"This isn't hard to figure out," Gov. John Kasich said last week as he unveiled his school funding plan, "If you are poor, you're going to get more. If you are rich, you are going to get less."
Sorry, Governor, maybe we're missing something in the translation, but it doesn't seem to be working that way.
Kasich's school funding plan includes an equalization provision that would enable districts with modest resources to take in as much from their first 20 mills of property tax as wealthier districts that have $250,000 of property value per student. The conventional wisdom was that this would result in a Robin Hood-style shifting of state support from wealthier districts to those less well off. That doesn't appear to be the case.
Spokespeople for the governor's office said Feb. 6 that the distribution of state funding is tied to changes in property valuation and enrollment, and the state has seen significant shifts in those areas in the past five years. The economic downturn of 2008 depressed suburban property values, while development in rural areas, where the oil and gas industry has been active, has boosted the value of farmland.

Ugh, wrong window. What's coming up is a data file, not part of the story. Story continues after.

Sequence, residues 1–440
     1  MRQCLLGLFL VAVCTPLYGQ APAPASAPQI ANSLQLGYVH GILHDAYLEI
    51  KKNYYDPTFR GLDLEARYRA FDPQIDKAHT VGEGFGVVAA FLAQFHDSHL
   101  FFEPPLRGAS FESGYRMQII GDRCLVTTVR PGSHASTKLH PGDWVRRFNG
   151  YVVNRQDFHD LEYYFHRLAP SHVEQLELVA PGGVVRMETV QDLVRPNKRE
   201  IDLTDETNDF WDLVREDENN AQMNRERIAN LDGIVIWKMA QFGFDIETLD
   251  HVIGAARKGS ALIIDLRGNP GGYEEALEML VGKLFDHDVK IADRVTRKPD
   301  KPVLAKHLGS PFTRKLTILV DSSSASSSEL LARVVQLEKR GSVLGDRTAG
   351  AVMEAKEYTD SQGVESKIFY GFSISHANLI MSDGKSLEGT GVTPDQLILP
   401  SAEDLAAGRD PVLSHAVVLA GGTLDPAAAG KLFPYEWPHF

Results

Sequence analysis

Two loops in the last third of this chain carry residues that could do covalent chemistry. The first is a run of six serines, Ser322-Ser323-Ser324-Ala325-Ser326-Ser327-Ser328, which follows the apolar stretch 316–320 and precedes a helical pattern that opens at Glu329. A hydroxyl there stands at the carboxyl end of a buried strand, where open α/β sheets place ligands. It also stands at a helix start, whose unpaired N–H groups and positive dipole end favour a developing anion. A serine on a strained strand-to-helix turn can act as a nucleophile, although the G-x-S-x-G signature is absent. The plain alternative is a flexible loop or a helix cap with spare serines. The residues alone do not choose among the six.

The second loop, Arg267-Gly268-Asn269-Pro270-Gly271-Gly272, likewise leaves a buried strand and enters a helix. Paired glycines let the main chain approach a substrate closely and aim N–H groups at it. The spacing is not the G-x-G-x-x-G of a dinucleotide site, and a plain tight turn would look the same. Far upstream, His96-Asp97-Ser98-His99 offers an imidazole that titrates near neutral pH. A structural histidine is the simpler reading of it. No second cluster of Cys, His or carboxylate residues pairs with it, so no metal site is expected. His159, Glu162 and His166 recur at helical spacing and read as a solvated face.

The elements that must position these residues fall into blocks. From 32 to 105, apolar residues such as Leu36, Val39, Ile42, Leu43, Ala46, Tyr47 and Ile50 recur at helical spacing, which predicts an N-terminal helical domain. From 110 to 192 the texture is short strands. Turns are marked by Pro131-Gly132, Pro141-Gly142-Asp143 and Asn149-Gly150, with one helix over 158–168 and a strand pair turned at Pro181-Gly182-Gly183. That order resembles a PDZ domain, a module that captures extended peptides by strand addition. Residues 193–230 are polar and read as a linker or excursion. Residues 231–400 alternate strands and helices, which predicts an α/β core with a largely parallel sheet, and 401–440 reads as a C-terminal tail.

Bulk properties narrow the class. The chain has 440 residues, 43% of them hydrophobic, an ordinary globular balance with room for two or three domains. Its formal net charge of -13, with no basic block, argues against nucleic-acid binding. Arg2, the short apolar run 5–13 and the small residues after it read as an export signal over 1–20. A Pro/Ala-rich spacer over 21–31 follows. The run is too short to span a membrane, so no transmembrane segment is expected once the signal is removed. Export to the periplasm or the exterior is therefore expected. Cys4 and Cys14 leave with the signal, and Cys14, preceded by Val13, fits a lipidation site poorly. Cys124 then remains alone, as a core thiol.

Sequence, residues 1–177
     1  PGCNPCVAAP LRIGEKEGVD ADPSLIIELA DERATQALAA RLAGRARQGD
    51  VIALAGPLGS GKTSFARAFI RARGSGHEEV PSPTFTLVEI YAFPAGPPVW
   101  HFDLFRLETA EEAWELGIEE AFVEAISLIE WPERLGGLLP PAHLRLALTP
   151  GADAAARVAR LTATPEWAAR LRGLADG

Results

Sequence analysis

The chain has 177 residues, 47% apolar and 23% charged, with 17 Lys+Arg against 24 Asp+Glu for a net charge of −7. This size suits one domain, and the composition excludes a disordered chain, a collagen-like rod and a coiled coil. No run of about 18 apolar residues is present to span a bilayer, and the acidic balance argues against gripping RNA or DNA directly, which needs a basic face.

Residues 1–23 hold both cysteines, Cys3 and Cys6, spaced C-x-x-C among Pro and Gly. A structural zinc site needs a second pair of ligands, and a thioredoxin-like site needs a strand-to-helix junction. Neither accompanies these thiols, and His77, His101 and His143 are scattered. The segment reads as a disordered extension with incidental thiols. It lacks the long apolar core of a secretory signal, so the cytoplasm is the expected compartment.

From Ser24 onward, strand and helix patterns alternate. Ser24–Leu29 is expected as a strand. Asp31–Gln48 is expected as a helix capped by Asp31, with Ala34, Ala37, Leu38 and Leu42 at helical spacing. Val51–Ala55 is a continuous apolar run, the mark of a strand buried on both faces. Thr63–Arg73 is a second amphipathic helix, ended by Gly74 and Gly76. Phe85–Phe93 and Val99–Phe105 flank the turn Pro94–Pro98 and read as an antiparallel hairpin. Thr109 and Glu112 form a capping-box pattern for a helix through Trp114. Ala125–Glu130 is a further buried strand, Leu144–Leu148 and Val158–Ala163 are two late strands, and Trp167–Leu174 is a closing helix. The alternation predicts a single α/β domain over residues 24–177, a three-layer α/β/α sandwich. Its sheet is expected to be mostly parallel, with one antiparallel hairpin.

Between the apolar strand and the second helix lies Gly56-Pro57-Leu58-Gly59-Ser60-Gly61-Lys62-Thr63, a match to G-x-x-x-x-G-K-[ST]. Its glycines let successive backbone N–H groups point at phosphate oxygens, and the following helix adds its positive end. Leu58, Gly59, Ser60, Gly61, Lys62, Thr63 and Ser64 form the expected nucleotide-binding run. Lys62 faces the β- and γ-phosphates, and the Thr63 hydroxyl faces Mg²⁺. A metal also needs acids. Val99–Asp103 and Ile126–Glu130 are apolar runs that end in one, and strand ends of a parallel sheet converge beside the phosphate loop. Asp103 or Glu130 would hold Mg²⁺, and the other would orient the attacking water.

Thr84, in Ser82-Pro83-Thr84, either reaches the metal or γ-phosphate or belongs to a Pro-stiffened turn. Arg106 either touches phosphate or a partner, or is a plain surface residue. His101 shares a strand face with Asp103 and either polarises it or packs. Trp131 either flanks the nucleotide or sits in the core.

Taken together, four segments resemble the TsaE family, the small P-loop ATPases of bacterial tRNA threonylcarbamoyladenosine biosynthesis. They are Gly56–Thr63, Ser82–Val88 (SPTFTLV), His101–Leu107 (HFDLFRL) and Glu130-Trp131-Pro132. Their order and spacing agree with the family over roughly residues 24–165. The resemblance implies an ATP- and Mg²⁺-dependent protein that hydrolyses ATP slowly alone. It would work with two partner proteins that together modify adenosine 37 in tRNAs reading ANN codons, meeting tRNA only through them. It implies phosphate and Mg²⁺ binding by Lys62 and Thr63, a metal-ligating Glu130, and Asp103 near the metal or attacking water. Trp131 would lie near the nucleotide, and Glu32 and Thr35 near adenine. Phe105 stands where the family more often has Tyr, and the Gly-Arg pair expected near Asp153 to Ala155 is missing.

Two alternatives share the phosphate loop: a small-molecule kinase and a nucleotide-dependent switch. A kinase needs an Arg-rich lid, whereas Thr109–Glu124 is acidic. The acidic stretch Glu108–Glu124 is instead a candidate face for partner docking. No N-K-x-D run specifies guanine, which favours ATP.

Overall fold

Even taking that into consideration, however, it is difficult to understand the rationale for the school funding figures.
We can take comfort in not being alone on this. State Sen. Tom Sawyer, the ranking Democrat on the Senate Education Committee, observed, "I don't understand how a wealthy Columbus suburban school district can receive a 331 percent increase while many rural districts across Ohio get nothing. It doesn't make sense. The governor needs to explain why these numbers contradict the sales pitch he gave school leaders last week."
Some clarification would help, Governor.